According to the report, Discovery Health CEO Jonathan Broomberg denied the claims. “Discovery Health and all its client medical schemes comply fully with all applicable PMB legislation,’” he said in response to questions. Discovery used specific doctors to keep costs down, said Broomberg. (However, Joseph felt the best and most qualified specialists were not always on this list.)

Broomberg said: “We have a wide range of designated service provider networks in place to ensure that members can access their PMB entitlements across all professional disciplines and in all parts of the country.” He said Discovery frequently met with doctors to discuss payment and treatment issues.

GEMS said in the report it did pay for prescribed minimum benefits as required and never used member savings accounts to do so. Its principal officer, Guni Goolab, said 71% of money spent by the scheme in 2017 – R120.6bn – was on PMBs. Goolab said GEMS’s higher spend on PMBs ‘demonstrates GEMS’s commitment to the payment of PMBs’.

According to the report, both GEMS and Discovery said there were various interpretations of the law on how doctors should be paid for PMB diseases and what restrictions could be enforced. Goolab said medical aids and doctors interpreted the law on how PMBs must be paid for and whether restrictions on treatments can be applied differently. ‘It is abundantly clear that current legislation does not make provision for all the various interpretations surrounding PMB claims and the practicalities of DSP arrangements.’ Goolab said it was awaiting the finalisation of the investigation by the Council for Medical Schemes.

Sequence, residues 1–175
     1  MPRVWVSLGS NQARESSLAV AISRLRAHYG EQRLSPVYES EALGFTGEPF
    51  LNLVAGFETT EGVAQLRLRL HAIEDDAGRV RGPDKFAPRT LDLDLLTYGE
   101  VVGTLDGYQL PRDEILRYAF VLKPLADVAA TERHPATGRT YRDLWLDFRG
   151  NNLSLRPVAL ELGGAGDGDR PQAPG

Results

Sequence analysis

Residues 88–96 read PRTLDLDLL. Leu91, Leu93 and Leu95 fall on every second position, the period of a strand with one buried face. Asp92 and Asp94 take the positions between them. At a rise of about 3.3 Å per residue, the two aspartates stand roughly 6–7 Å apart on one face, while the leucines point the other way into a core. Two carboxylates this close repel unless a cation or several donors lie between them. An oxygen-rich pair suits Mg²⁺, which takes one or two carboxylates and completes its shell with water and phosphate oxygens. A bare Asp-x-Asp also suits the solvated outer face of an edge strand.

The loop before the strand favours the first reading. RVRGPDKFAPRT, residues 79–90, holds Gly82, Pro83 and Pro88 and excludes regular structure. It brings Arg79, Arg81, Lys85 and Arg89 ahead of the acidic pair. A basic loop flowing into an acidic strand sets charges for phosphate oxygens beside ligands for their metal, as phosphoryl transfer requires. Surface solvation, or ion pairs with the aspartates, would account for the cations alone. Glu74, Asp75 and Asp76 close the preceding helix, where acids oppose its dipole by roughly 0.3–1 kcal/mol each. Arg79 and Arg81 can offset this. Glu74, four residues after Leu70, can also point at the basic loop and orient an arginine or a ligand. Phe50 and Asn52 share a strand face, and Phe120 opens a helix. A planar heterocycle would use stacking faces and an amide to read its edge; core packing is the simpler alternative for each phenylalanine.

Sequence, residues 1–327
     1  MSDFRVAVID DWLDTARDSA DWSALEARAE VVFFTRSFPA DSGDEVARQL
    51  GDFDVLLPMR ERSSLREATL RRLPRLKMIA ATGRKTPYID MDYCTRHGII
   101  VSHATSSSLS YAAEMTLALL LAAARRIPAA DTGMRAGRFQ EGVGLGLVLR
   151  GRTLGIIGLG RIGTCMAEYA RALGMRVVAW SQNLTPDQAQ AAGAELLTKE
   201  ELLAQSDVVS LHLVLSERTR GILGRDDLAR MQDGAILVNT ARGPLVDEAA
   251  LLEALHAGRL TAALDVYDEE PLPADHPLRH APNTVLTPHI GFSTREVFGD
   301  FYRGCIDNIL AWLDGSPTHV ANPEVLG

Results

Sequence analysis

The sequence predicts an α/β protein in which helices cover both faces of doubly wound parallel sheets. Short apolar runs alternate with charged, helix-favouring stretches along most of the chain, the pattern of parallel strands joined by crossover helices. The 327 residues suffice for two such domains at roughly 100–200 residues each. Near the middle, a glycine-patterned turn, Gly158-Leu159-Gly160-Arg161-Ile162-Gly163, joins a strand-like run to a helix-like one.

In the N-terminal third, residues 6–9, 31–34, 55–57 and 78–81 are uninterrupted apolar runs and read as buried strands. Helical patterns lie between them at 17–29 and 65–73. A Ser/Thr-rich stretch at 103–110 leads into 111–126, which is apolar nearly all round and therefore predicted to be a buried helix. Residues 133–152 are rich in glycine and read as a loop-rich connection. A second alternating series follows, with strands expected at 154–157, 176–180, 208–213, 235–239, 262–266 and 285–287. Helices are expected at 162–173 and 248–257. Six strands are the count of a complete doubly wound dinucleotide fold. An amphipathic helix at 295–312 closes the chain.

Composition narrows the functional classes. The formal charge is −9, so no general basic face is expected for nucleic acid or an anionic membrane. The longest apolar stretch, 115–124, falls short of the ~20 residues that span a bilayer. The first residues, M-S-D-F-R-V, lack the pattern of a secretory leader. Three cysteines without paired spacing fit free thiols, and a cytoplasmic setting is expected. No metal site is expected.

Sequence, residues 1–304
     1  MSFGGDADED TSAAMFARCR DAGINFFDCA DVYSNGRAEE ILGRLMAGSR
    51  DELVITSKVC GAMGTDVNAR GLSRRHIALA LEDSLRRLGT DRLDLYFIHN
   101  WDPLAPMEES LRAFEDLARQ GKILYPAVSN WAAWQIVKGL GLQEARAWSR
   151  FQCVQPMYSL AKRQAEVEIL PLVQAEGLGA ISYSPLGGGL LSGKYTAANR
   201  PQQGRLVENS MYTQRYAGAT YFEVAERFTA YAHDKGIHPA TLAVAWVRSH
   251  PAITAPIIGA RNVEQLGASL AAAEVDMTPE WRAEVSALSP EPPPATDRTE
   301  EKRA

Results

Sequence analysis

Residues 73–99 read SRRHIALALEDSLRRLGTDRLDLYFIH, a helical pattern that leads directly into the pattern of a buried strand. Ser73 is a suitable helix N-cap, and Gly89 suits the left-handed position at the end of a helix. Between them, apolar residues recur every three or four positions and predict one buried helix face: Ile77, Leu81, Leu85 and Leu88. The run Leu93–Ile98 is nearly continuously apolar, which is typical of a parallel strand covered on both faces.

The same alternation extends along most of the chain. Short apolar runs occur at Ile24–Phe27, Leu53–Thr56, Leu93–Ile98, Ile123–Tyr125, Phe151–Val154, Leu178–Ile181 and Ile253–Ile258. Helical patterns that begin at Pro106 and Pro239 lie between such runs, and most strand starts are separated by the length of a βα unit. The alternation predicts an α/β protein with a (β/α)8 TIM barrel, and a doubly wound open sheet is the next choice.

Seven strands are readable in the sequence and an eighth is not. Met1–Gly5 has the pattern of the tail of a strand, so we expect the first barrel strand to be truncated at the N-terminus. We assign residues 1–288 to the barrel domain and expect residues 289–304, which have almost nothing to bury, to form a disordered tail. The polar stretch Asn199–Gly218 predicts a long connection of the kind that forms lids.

CMS spokesperson Grace Khoza said it had received the letter and other information from the doctors, and is “currently processing this information internally”. “The CMS will make use of all laws at its disposal to enforce compliance. However, we can only provide full details on this once regulatory decisions have been communicated to the schemes.”

 

Patients are losing out on medical care as medical aid benefits reduce every year and it is time for patients to stand up to medical aids. The Times reports that this is according to four doctors and the CEO from the SA Private Practitioners Forum (SAPPF), that represents 3,500 specialists, who detailed how medical aids were limiting the care patients received and what tests and operations doctors could conduct.

Medical aid interference in what doctors can and can’t prescribe has been an issue for years. But the doctors are quoted in the report as saying it has recently gotten a lot worse. Physician Adri Kok, who specialises in treating diabetic patients, said medical aid members “didn’t know what was waiting for them next year”, making reference to medical aid restrictions.

Kok said patients needed to “rise up”, as in the case of Nathan Ganas’ widow, Denise, who told the media how Momentum would not pay his death benefit after they claimed he failed to disclose his high blood-sugar levels at the time of signing the contract in 2014. Ganas was shot dead in a hijacking outside his Durban home in March last year. The insurance company has since agreed to pay out the R2.4m life cover claim.

Kok said some medical aids had already emailed patients regarding what treatment they could and could not have next year and what drugs would be allowed. She claimed medical aids dictating treatment had suddenly increased. But in many cases the medical aid restrictions meant doctors couldn’t manage the disease correctly – and patients get sicker as a result. Diabetes is a risk factor for heart disease.